Should the state assume control over the federal money, it would lose access to the automatic increases that come in times of crisis, like the stimulus funding that helped prop up state Medicaid funds during the recession. State control would also provide no mechanism or extra funding to cover the uninsured, who number more than 6 million in Texas alone. More significantly, though, the federal funding levels would be essentially fixed in 2010 dollars, with a minor provision for small inflation- and population-related increases.
Texans only have to look to the state's management of Medicaid—the government-run health care program for the poor, which involves both state and federal funds but is largely administered by the states—to see what this might mean for seniors. Anne Dunkelberg, the associate director of the Center for Public Policy Priorities in Texas, notes that Texas has only raised Medicaid reimbursement rates for doctors twice in as many decades, most recently in 2007. Texas Medicaid only pays about 73 percent of what Medicare does for the same services. As a result, only about 40 percent of Texas doctors will take new Medicaid patients, a rate that's fallen from nearly 70 percent in 2000. If Texas applied a similar approach to Medicare, millions of the state's seniors could find themselves shut out of the health care system. "You would never get an annual increase in rates," Dunkelberg says, noting that doctors nationally are already unhappy with Medicare rates and are dropping older patients.
Even so, compact backers in Texas have raised $300,000 to get it passed. But given the many obstacles the proposal faces, Dunkelberg wonders if it isn't merely a well-funded effort to keep tea partiers busy until the 2012 presidential campaign swings into gear. "It's more an organizing activity," she speculates. "More of a way to build opposition to our current federalized system of health care."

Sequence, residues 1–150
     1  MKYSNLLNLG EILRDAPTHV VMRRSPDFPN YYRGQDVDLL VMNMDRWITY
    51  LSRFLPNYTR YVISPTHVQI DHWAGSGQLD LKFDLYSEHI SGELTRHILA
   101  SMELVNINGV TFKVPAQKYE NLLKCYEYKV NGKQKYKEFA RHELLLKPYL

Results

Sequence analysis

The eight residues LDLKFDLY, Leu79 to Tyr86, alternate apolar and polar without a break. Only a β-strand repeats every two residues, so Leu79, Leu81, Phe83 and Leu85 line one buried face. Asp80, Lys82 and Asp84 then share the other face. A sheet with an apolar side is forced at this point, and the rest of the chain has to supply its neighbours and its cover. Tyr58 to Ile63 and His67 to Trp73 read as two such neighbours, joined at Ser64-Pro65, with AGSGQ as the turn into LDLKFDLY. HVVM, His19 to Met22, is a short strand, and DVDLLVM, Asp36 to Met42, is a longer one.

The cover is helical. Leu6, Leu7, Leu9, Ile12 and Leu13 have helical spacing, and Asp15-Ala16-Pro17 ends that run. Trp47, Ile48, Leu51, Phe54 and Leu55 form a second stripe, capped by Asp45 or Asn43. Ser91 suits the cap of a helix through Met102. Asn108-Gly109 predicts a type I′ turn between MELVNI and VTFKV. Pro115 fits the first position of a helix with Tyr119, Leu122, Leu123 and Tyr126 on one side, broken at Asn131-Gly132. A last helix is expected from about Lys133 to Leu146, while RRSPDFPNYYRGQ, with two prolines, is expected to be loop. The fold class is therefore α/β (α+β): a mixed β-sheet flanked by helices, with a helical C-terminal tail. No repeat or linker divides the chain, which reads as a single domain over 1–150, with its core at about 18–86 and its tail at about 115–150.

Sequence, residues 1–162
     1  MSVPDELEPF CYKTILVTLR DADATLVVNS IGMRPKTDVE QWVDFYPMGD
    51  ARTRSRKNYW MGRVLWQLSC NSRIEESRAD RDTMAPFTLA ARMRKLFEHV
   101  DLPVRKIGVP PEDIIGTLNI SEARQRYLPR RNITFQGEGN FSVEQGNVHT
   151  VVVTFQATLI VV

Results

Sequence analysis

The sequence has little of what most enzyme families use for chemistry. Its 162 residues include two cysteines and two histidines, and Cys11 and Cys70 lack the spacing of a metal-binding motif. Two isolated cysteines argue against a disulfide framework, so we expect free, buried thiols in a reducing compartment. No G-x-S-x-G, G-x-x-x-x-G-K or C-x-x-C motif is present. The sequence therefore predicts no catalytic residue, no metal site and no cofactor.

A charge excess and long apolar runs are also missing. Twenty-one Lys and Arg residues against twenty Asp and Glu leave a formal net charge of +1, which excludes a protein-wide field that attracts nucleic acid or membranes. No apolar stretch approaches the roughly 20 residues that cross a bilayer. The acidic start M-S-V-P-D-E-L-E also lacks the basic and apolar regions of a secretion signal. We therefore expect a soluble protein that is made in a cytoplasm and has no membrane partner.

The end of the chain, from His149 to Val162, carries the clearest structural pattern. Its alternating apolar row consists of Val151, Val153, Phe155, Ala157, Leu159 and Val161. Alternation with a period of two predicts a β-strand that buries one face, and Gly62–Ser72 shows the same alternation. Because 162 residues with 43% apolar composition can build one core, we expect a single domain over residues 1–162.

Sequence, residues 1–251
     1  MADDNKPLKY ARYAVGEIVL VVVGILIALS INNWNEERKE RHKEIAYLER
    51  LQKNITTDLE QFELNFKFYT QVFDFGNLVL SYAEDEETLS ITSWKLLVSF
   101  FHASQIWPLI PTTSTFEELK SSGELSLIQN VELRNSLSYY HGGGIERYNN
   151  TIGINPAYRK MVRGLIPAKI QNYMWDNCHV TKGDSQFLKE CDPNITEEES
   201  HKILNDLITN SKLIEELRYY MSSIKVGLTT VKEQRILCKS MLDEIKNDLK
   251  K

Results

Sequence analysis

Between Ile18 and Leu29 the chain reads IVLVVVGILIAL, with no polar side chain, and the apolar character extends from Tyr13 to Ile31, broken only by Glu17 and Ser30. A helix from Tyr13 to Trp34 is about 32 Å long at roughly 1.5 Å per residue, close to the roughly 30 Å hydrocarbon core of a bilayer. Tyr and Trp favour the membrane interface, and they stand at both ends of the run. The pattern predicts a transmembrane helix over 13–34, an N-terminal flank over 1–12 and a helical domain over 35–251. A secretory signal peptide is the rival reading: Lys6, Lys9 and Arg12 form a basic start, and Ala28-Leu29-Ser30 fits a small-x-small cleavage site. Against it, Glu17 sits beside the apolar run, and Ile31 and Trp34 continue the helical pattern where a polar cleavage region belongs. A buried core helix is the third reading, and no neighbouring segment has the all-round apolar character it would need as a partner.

But Leo Linbeck III, a co-founder of the Health Care Compact Alliance and one of the primary forces behind the effort, says it's not an organizing ploy. "I'm involved in this because I have come to believe that we need a structural solution to the health care problem, and neither party can provide such a solution at the federal level; all of the incentives are aligned against it," he wrote in an email, in response to questions from Mother Jones. (You can read the entire exchange here.)
Linbeck is not the first member of his family to spend big money on a quixotic right-wing campaign with little chance of succeeding. His father, Leo Linbeck Jr., who inherited a hugely profitable construction company from his father, is the engine behind the "fair tax," a proposal to eliminate income, payroll, and estate taxes and replace them with a highly regressive 23 percent sales tax. Leo Jr., who has said the research and marketing of the fair tax has cost $20 million, has been promoting it in state legislatures since 1993, with little to show for it (though he, too, is finding a new audience among tea partiers).
The Linbeck dynasty is famous in Texas for underwriting conservative causes, particularly tort reform, an issue that provided the basis for all of George W. Bush's political campaigns. In 1994, Leo Jr. helped found Texans for Lawsuit Reform, along with Swift Boat Veterans for Truth funder Bob Perry to help eliminate laws that allowed people to sue their various big companies. They largely succeeded in Texas, and their backing also helped put Bush in the White House.
Leo III insists that the compact is a serious proposal, and one that was inspired by noble reasons and concern for the poor, who currently subsidize health care for wealthy seniors. He says, "I saw that we were on an unsustainable path on Medicare, and the federal government was making promises to senior citizens that it could not fulfill... That struck me as fundamentally unjust."